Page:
Mr. Church reunites the Expendables for what should be an easy paycheck, but when one of their men is murdered on the job, their quest for revenge puts them deep in enemy territory and up against an unexpected threat.
Jean-Claude Van Damme,
A Vietnam veteran who becomes a local hero after saving a man from attackers on a city bus decides to take action when his best friend is murdered and the police show little interest in solving the crime.
Charles S. Dutton,
Veteran mercenary Samson Gaul (Jean-Claude Van Damme) knows that in the heat of battle, every bullet counts. He retired from combat when his actions resulted in the deaths of helpless victims, but now he's the last hope for a desperate father. Mixed Martial Artist, Andrew Fayden (Joe Flanigan, Stargate: Atlantis) knows how to fight, but alone he's unprepared to navigate the corrupt streets of a foreign city to find his kidnapped daughter. Together, these warriors will stop at nothing to tear apart a vile network of criminals that prey upon the innocent. Written by
Both of the actors who portray the kidnapped daughter's parents also played prominent characters in the Stargate universe. On Stargate: Atlantis, Joe Flanigan played Lt. Col. John Sheppard, the highest ranking military officer in Earth's expedition to the Ancient city-ship of Atlantis. On Stargate: SG-1, Anna-Louise Plowman played Dr. Sarah Gardner, a former flame of Daniel Jackson and later host to the Goa'uld system lord Osiris. See more »
At the shoot out at the end, the sniper pushes the bolt forward, and then does it again seconds later when he reaches the fence. See more »
This is without a doubt one of the better Van Damme movies in the entire course of his career. Why? Well because it is not the average generic movie that he usually makes, where he is sort of a lone underdog hero who is fighting an uphill battle against overwhelming odds, and with some miraculous force he manages to singlehandedly emerge victorious at the end, even after having received a beating that would normally drop dead a prize-winning bull.
"6 Bullets" is a great story-driven movie, in which Van Damme plays Samson Gaul, a mercenary who is working in Eastern Europe to infiltrate human trafficking rings and rescue underage boys and girls, and bring them home to be reunited with their families after these horrible ordeals. However, during one such a mission, something goes horribly awry and two innocent young girls end up dead. Haunted by the apparitions of these dead girls, Gaul ends up seeking solitude and salvation at the mercy of alcohol while trying to make a living as a butcher. A young American girl is kidnapped from her hotel and the parents seek out Gaul for help. But can Gaul redeem himself of the past and step up to the task at hand? The storyline in "6 Bullets" was really interesting and captivating, as human trafficking is, sadly, every day events in parts of the world. So with that in mind, then this story really takes on a personal approach and becomes more than just mindless martial arts entertainment.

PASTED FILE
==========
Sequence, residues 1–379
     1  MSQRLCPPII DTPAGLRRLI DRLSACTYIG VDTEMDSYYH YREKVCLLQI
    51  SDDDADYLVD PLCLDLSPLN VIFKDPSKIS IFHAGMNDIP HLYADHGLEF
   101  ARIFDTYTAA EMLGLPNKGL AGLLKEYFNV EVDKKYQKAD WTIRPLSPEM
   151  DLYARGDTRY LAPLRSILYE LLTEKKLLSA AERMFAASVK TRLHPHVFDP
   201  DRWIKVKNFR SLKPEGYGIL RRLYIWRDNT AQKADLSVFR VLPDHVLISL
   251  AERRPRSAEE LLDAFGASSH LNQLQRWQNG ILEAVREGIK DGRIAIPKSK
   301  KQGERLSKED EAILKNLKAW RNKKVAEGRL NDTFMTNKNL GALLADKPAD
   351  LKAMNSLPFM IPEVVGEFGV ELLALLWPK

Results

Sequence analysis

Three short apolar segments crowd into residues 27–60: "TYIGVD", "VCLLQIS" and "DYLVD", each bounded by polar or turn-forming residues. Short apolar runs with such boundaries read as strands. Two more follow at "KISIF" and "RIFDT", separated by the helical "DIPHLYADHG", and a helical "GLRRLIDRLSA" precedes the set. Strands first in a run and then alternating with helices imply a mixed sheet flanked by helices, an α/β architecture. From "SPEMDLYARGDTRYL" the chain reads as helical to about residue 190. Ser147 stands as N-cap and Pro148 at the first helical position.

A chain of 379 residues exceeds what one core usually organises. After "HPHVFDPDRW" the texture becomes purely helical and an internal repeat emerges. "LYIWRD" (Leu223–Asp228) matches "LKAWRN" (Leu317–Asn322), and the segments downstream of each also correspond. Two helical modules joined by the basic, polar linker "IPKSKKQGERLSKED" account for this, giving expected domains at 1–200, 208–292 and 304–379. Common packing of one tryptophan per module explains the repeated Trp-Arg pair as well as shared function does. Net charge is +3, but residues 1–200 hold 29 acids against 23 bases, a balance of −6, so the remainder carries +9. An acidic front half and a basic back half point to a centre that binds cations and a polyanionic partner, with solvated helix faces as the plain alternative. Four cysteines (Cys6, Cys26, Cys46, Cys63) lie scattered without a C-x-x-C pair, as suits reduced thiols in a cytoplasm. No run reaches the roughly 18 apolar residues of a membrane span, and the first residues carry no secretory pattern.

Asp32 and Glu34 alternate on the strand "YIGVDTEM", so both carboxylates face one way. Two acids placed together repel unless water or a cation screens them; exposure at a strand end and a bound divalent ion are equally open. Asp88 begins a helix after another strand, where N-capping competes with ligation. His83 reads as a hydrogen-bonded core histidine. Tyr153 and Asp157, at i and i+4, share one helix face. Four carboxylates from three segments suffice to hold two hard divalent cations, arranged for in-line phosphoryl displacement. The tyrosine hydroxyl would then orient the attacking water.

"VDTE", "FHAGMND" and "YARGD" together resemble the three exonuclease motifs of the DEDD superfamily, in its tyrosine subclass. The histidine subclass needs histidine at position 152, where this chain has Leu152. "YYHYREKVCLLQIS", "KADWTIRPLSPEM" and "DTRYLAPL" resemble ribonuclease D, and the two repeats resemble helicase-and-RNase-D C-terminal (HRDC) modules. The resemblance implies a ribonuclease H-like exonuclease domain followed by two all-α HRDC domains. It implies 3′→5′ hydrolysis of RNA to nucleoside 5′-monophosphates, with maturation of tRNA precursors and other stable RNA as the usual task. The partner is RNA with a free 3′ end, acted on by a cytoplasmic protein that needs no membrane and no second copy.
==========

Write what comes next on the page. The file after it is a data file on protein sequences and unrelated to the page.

Plus, the storyline is really helped along by some powerful performances, not only by Van Damme, who really stepped into character and showed a great acting side, but also by Joe Flanigan (playing Andrew Fayden).
The movie was nicely shot, the dialogue was good and it moved at a great pace. There was a fair amount of drama in the movie, spiced up with martial arts, of course, and also gun fights. This is really one of the better Van Damme movies that I have seen in a long, long time, and it is good to see that he is back in the game.
There were just a couple of things in the movie that I didn't really understand. In the opening sequence, how did Gaul manage to plant all that explosive in the cars parked outside the building when there was all that much security personnel around? And also when he wanted a phone number traced, it started with 555, which is a number associated with Hollywood movies, so we must assume that it is an alleged American fake-movie phone number, so why was it showing up on an Eastern Europe phone? And finally, why would most people in Eastern Europe opt to speak English first whenever addressing strangers? Wouldn't it make more sense to speak in their native language? Anyway, these touches are just small flaws that don't really have much impact on the movie. I just happened to notice this and wonder about it.
"6 Bullets" is a great addition to movie collection for fans of Van Damme. And it is also good entertainment, even if you are not particular a fan of him.
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